Editorials

Tackling health inequities

BMJ 2008; 337 doi: https://doi.org/10.1136/bmj.a1526 (Published 03 September 2008) Cite this as: BMJ 2008;337:a1526
  1. George Davey Smith, professor of clinical epidemiology1,
  2. Nancy Krieger, professor2
  1. 1Department of Epidemiology and Public Health, Social Medicine, University of Bristol, Bristol BS8 2PR
  2. 2Department of Society, Human Development, and Health, Harvard School of Public Health, Boston, MA 02115, USA
  1. George.Davey-Smith{at}bristol.ac.uk

    WHO report calls for global action to ensure health equity within and between countries

    Finally, an official report on health inequity has been published that has the honesty and courage to say that “social injustice is killing people on a grand scale.”1 The report of the World Health Organization’s Commission on Social Determinants of Health synthesises evidence from a large and disparate range of sources, while recognising that what constitutes evidence is itself contested and not value free.2 It presents a wealth of data to show the unquestionable link between economic, social, and bodily wellbeing—within and across countries. In the case of life expectancy, these embodied facts of social inequity3 can span the equivalent of a lifetime: women born in Botswana can anticipate living an average of 43 years, half that of the 86 years for women in Japan; between the poorest and most affluent parts of Glasgow life expectancy in men ranges from 54 to 82 years.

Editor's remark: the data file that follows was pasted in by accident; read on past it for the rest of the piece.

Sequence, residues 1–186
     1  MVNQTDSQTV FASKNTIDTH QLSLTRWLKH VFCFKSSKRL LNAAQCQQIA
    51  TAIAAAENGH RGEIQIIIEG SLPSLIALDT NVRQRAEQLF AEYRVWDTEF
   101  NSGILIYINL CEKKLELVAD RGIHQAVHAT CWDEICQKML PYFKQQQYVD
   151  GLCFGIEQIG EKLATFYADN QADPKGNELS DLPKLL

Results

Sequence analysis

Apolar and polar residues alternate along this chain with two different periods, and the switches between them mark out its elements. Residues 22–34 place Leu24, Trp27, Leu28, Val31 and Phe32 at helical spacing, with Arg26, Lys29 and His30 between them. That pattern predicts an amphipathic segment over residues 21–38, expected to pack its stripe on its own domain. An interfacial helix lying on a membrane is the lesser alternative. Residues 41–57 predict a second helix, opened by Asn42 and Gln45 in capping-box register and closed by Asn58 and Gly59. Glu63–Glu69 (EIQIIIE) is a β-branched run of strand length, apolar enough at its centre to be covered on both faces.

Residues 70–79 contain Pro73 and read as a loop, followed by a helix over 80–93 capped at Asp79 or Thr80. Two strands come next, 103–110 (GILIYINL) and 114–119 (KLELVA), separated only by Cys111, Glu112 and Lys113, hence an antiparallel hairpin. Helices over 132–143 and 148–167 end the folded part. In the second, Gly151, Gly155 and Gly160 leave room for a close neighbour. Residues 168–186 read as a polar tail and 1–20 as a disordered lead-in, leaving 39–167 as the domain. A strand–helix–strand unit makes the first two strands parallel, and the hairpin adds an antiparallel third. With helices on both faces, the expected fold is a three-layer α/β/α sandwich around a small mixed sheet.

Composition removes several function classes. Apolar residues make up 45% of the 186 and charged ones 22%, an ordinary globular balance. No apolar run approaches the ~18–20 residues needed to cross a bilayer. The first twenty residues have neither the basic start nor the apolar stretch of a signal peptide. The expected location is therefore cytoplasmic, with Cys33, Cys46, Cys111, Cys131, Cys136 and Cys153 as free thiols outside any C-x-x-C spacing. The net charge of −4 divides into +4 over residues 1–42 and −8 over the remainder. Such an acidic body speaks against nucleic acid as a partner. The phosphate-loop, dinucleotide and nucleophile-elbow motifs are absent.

Many official reports have documented social inequalities in health over the past 170 years, from Chadwick4 to Sachs.5 Yet, in contrast to these reports, which subtly (and not so subtly) emphasised the detrimental effects of poor health induced by poverty on economic performance,6 the commission firmly draws the arrow of causality from impoverished environments to ill health, something that is clear to most …

    View Full Text

    Sign in

    Log in through your institution

    Free trial

    Register for a free trial to thebmj.com to receive unlimited access to all content on thebmj.com for 14 days.
    Sign up for a free trial

    Subscribe